• Other treaties, such as the Comprehensive Economic and Trade Agreement between Canada and the European Union (CETA), the EU-Singapore FTA, and the United States-Mexico-Canada Agreement (USMCA) expressly contemplate the States’ right to regulate within their territory to achieve legitimate policy objectives, including public health and safety;
  • The India-Mauritius bilateral investment agreement similarly provides that the treaty does not limit “in any way” the State’s right to regulate for the protection “of its essential security interests” or public health. The tribunal in CC/Devas v. India, applying this treaty, confirmed States’ “wide measure of deference” to regulate for the protection of their essential interests.

Even in the absence of an express provision, non-discriminatory measures of a general application adopted aimed at safeguarding public health and safety (the so-called police powers) are generally considered consistent with States’ international obligations. This means that the appropriate use of State police powers would ordinarily not give rise to State liability under international law, even if foreign investors have been negatively affected. For example:

  • In the wake of the 2008 financial crisis, some States were taken to arbitration in relation to measures adopted to deal with the recession. In one of those cases, Marfin v. Cyprus, the tribunal found that the measures adopted by Cyprus, including the acquisition of a majority ownership in a bank, the removal of members of the management and the bank’s recapitalization which resulted in the dilution of the shareholders’ interest in the bank, did not constitute an illegal expropriation but rather “non-discriminatory, proportional measures taken in good faith in the exercise of Cyprus’ regulatory powers in the pursuit of a legitimate public policy objective - the protection of the health of Cyprus’ financial system during a time of profound economic crisis.”
  • Similarly, in Philip Morris v. Uruguay, the tribunal found that certain anti-smoking policy measures taken by Uruguay “with a view to protect public health in fulfilment of its national and international obligations” were not arbitrary but rather an “effective means to protect public health.” The tribunal concluded that the measures were a “valid exercise by Uruguay of its police powers for the protection of public health” and, as such, did not constitute a breach of Uruguay’s international obligations.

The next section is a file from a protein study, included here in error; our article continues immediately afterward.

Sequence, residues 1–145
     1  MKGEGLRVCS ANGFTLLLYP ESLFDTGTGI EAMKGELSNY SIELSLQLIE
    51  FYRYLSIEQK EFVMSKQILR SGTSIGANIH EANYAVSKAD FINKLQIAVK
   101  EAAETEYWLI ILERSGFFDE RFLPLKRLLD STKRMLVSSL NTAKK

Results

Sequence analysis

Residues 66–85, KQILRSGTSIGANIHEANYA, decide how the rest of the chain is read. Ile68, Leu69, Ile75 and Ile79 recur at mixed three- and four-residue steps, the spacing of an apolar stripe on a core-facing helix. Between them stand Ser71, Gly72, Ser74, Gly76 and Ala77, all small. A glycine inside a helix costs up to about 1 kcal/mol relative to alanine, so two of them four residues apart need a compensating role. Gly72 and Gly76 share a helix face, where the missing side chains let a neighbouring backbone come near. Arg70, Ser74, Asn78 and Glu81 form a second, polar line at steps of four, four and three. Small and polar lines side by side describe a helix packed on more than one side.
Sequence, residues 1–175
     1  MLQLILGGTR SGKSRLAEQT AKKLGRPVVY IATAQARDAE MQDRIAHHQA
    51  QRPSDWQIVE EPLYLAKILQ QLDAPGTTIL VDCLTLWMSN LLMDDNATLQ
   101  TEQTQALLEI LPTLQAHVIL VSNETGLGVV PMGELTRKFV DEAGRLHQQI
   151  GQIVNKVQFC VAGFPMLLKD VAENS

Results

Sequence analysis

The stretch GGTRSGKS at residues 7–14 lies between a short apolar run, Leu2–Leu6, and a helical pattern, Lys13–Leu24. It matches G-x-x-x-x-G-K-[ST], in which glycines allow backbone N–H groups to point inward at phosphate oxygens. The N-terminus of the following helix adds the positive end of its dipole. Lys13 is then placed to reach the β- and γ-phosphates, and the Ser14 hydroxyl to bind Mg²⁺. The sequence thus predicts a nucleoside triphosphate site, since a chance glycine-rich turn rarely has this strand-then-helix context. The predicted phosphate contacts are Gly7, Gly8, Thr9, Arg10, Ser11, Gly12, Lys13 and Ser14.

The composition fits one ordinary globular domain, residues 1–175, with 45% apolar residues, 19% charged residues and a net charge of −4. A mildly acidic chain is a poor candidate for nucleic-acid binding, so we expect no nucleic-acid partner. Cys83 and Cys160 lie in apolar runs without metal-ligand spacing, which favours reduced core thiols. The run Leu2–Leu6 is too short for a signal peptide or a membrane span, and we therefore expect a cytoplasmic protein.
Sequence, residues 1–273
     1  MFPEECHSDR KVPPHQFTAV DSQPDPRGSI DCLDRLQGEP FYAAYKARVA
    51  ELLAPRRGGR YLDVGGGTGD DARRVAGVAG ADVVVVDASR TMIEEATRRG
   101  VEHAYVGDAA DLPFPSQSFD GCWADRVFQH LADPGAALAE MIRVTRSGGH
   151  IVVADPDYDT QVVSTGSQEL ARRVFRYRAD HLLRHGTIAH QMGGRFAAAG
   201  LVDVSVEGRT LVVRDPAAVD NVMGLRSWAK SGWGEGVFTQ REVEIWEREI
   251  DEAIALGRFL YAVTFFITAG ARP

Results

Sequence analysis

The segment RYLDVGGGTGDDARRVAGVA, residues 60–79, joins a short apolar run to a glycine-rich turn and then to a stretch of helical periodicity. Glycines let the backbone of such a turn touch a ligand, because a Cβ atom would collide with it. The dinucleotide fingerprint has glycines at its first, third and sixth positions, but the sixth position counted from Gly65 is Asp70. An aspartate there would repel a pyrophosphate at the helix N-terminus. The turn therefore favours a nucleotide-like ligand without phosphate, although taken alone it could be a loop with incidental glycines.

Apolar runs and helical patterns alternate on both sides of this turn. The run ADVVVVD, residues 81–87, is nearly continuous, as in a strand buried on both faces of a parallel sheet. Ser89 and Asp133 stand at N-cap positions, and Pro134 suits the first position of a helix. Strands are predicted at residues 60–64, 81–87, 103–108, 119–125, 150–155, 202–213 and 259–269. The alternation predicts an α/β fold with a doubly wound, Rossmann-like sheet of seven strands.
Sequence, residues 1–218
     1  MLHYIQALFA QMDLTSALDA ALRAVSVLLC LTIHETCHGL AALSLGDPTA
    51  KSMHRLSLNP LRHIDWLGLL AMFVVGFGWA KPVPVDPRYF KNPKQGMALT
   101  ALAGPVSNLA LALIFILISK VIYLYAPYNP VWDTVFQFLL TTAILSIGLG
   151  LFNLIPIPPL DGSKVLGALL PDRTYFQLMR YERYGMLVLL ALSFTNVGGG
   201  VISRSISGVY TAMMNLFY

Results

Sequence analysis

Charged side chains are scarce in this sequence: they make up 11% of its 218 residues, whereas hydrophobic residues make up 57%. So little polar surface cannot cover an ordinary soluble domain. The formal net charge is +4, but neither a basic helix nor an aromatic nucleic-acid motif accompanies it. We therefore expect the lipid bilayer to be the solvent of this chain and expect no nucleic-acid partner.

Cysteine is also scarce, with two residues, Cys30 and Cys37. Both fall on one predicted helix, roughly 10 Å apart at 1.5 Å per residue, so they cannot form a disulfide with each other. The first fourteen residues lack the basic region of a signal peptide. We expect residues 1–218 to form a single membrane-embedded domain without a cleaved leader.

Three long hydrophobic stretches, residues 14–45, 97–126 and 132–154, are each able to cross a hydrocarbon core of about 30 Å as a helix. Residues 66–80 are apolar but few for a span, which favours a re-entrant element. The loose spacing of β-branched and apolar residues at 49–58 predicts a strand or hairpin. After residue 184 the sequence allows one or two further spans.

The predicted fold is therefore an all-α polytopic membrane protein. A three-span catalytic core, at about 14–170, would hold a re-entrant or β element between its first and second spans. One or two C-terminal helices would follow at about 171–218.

The Latitude is not Unfettered: No Arbitrary, Disproportionate or Discriminatory Measures

Measures that are adopted in bad faith, deprive investors of due process, or are arbitrary, disproportionate or discriminatory may give rise to State liability under international law. The context in which the measures are taken, and the data and information available at that time—including the specific timing and circumstances of the measures, the conduct of the investor, and the specific scope of the State’s obligations vis-à-vis each investor—are taken into account in determining whether States have respected international law.

Transparency in the Adoption of Measures is Important

The transparency and public nature of the process through which the relevant measures are adopted are also relevant. If the State has consulted stakeholders when assessing policy options or presented draft regulations for public scrutiny and comment, this may militate in favor of the rationality of the policies pursued by the State. In a similar vein, the investors’ conduct at the time of the adoption of the measures is also an element for consideration. For example, investors who decline an invitation to participate in, and provide their views during, the legislative process, may have less legitimacy to complain about the measure.